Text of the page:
Again, more onlookers took interest in the flight. This park afforded more space, so more slack was let on the line letting the balloons gain more altitude than the previous park. The park allowed for a total of three flights and the electronics all appeared to be operating as expected.
Later that day, the final flight of the balloons was done because they were loosing their lift. The party store had a sign that indicated how long to expect the balloons to be of use. The standard 12 inch were good for 1 day, where the 24 inch were good for 2-3 days. At any rate, they were good for another 2 flights at that field, which happened to be the same location where the first successful flight of the ESP32-Cam system occurred.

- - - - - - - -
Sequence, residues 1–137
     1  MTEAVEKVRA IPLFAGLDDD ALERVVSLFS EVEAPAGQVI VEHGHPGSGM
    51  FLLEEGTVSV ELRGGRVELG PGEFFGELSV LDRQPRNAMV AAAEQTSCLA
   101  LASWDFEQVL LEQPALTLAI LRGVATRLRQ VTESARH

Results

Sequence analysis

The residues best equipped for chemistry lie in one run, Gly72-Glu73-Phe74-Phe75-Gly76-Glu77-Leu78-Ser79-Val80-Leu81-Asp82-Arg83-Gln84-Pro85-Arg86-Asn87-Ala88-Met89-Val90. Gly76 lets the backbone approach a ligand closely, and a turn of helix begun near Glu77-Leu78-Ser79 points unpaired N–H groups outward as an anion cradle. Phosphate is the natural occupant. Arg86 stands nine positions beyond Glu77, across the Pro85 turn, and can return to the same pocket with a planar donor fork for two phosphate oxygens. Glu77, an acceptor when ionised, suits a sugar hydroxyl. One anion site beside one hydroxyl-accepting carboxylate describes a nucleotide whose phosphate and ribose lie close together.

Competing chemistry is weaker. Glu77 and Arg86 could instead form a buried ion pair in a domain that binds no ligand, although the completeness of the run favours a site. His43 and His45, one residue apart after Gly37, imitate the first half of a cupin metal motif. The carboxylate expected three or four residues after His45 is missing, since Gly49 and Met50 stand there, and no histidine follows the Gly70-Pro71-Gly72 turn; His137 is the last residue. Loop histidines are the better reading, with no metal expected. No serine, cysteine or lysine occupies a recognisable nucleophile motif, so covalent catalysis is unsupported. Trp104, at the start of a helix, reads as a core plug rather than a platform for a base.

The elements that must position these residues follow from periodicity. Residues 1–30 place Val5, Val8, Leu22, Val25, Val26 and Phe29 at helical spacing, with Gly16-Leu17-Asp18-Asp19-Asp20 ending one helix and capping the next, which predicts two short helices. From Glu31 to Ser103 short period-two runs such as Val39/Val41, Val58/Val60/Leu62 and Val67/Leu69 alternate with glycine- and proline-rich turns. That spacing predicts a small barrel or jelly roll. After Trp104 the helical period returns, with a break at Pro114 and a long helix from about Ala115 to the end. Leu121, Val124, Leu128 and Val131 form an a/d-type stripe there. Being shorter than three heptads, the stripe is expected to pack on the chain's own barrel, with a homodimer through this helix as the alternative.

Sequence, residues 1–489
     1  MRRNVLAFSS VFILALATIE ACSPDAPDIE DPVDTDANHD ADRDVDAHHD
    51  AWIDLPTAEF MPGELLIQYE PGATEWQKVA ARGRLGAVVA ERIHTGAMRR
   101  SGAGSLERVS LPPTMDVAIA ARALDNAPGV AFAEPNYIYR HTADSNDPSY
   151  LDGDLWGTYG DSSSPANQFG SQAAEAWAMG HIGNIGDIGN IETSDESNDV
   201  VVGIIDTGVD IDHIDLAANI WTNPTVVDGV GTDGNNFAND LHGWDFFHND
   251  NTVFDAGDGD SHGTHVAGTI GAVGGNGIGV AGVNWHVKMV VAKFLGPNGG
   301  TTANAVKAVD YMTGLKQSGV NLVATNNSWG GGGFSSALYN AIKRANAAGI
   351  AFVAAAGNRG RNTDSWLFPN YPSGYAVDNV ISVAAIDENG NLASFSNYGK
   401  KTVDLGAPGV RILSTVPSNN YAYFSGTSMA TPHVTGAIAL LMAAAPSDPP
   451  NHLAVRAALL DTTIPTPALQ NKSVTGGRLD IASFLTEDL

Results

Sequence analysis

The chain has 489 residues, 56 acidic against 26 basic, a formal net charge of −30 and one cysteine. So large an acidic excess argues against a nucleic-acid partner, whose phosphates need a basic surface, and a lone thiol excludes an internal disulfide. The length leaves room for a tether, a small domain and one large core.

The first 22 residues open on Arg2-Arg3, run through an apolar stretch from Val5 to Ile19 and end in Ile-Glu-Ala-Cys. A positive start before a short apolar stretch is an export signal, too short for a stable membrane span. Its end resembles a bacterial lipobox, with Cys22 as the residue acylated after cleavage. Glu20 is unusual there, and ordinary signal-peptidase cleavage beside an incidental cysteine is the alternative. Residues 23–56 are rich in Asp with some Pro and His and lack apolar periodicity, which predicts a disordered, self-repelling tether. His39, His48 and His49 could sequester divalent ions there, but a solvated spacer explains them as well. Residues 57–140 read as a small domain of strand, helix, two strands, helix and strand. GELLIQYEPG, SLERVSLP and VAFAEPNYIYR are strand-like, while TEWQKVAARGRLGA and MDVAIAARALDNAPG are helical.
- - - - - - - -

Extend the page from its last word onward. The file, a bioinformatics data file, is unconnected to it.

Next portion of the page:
With all of the flights done, the data had revealed something unexpected from the park were Bryce was lost. The number of wireless networks was much higher than any other location. This number had an impact on the sampling rate, dropping it down to 12 seconds instead of the average 6 seconds. It followed the same pattern of more networks detected as more altitude was gained. The Bryce flight was at the operational limit of that plane. When it did loose radio lock, there was a good chance the interference caused the plane to not recover. Because of this finding, another use of the system could be for preflight surveys to identify potential interference.